- Russia faces `significant' extremist threat, official says
- Most Caucasus militants allied to Islamic State, analyst says
As evidence grows that a bomb may have downed a Russian passenger jet over Egypt, the Kremlin is focused on countering the threat of terrorism at home from sympathizers of Islamic State.
Officials insist they were prepared for the risk of terrorist reprisals after President Vladimir Putin ordered air strikes against militants in Syria. Even if an attack on Russians abroad wasn’t among their most likely scenarios, the loss of 224 lives in the Metrojet crash is underlining the importance of keeping a simmering domestic insurgency under control.
“We need to ring the alarm bells, there’s a significant increase in the level of risk,” said Rizvan Kurbanov, a member of parliament for Dagestan, a North Caucasus region that’s experienced some of Russia’s worst terrorism. “If the problem was a local one in the past, now it’s in a number of other regions of the country.”
An Islamic State affiliate claimed it blew up the jetliner that left Sharm el-Sheikh for St. Petersburg on Oct. 31, saying it was in retaliation for Russian bombing in Syria. Russians becoming the targets of international terrorism adds another element of risk that Putin must navigate in his quest to restore his country’s role in global affairs. He built his political strongman image while fighting home-grown attacks and the Kremlin will be keen to avoid a new wave of violence undermining support for the military campaign that began Sept. 30.
Russia’s Federal Security Service says people suspected of financing international terrorism, a term usually used to describe Islamic State and similar groups, have been found in 77 of the country’s 85 regions. There’s also been a steady stream of arrests of suspects linked to Islamic State, which was named as the prime target of the Syria air strikes.
“We understand of course that, with the start of this operation, all these terrorist organizations in Syria and those that morally and financially support them will try to activate groups in the underground who remain in Russia,” Viktor Ozerov, chairman of the defense committee in the Federation Council, the upper house of parliament, said in an interview.
Russian authorities should set up a program to “conduct ideological warfare against Islamist terrorism,” particularly on the Internet, as children as young as 12 are playing at being militants in schools, said Kurbanov, a former top security official in Dagestan. “We know very well how to destroy and pre-empt” terrorists “though we’re doing little to fight their ideology.”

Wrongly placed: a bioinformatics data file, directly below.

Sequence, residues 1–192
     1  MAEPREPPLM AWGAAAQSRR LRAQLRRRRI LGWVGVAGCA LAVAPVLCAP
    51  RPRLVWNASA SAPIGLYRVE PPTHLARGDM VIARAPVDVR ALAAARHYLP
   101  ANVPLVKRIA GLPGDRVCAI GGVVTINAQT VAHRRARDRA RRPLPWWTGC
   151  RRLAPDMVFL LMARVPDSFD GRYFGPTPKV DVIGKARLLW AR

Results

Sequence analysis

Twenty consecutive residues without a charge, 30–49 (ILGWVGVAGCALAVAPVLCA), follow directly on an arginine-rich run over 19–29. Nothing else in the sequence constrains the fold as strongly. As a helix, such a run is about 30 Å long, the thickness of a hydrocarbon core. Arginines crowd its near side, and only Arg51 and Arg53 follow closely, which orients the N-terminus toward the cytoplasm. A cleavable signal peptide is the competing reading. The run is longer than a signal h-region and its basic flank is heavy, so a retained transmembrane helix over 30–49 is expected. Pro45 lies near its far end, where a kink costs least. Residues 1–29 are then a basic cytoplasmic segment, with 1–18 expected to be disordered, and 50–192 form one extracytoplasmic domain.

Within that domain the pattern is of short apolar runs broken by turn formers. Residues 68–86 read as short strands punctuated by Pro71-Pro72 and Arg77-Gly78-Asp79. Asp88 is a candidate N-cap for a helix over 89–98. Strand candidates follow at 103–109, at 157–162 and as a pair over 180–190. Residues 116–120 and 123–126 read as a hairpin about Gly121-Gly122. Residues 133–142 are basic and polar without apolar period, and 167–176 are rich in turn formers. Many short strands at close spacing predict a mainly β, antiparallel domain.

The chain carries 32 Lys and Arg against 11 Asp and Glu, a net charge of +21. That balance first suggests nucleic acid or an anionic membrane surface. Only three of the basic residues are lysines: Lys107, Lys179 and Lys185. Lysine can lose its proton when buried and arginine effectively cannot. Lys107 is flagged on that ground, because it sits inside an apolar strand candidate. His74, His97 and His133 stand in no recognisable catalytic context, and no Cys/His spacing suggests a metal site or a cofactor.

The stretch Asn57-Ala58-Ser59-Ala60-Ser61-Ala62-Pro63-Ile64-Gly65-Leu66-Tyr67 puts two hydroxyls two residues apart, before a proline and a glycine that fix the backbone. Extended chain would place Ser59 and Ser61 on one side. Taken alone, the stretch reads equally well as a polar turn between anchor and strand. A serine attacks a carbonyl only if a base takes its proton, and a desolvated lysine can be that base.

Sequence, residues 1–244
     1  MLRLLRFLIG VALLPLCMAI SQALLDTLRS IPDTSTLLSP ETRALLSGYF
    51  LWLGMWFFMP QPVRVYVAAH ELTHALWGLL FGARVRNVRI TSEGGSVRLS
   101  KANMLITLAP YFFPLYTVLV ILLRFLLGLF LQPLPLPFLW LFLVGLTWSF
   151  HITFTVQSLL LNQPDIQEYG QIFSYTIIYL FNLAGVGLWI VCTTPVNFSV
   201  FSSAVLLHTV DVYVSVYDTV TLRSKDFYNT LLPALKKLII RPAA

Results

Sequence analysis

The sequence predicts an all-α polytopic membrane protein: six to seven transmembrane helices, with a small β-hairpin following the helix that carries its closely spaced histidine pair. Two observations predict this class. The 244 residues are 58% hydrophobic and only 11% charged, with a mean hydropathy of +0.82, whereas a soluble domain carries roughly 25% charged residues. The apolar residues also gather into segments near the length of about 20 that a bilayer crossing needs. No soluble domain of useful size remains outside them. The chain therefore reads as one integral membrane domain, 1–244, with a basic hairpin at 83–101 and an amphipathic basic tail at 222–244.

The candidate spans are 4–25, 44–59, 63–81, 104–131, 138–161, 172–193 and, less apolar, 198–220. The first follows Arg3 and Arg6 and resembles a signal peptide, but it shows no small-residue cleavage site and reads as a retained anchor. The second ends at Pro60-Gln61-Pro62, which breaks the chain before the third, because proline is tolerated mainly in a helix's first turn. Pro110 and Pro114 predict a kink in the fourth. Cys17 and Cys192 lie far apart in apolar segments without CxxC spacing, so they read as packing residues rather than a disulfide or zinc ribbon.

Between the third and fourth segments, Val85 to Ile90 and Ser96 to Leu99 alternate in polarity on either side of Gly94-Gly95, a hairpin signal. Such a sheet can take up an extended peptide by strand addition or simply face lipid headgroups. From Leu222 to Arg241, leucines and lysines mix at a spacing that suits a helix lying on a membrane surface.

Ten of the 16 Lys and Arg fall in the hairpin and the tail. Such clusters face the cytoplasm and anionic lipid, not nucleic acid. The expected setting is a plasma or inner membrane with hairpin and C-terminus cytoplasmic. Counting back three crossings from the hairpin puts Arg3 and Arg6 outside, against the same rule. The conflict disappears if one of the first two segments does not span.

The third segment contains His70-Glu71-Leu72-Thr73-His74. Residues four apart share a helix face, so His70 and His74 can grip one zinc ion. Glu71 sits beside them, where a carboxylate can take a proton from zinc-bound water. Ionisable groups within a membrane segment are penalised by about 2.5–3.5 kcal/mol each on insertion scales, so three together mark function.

Putin ordered Russian flights to Egypt halted on Friday to ensure “the safety of our citizens,” his spokesman, Dmitry Peskov, told reporters. The U.S. and the U.K. said a bomb may have caused the plane crash in the Sinai desert, a view echoed by France. Egypt and Russia said they have no evidence for this, though they haven’t ruled anything out and investigators are probing a last-second noise heard on the flight data recorder.
The ban on flights won’t be lifted soon and “it will take time to ensure security for a vacation in Egypt,” Prime Minister Dmitry Medvedev said at a meeting with his deputies in Moscow on Monday. “Let’s not indulge in illusions, this won’t be a short period.”
Putin justified the military campaign in part by saying that 5,000 to 7,000 people from Russia and other former Soviet states have joined Islamic State and “can’t be allowed to apply later on at home the experience they are gaining today in Syria.” Until the bombing campaign began, however, officials in Moscow had played down the threat from Islamic State within Russia.
Russia’s entry into the Syrian civil war may have revived a terrorism threat that had been in decline as home-grown extremists flocked to the Middle Eastern battlefield, according to a senior Caucasus region official, who asked not to be identified discussing security issues.
“Now every Russian tourist, every Russian businessman, every Russian diplomat is a target,” Bruce Riedel, a senior fellow at the Brookings Institution in Washington, said. “Putin has put a giant bullseye on every single one of them.”
In the North Caucasus, where an insurgency has festered for years, “about 10 groups have sworn allegiance” to Islamic State, said Grigory Shvedov, who runs Caucasian Knot, a news and analysis center in Moscow. “That’s the majority of fighters in the region but not all of them.”
Few see a return to the outrages of the early 2000s when Islamists from Russia’s Chechnya region killed hundreds in attacks that included the September 2004 seizure of children and adults at a school in Beslan eight days after two passenger planes were blown up in suspected suicide bombings.
Still, the campaign in Syria may broaden anger against the Kremlin since Putin is lining up with Shiite Muslims by supporting the Assad regime and its allies in Iran, while the majority of Muslims in Russia are Sunnis.
Russia’s engagement in Syria “risks antagonizing many within the Sunni world,” Robert Danin, senior fellow at the Belfer Center’s Middle East Initiative at Harvard University, said.
The “combat capabilities of our armed forces” have improved and “this is strongly confirmed by the anti-terrorist operation we’re conducting at the request of the Syrian leadership,” Putin told defense-industry officials in Russia’s Sochi on Monday.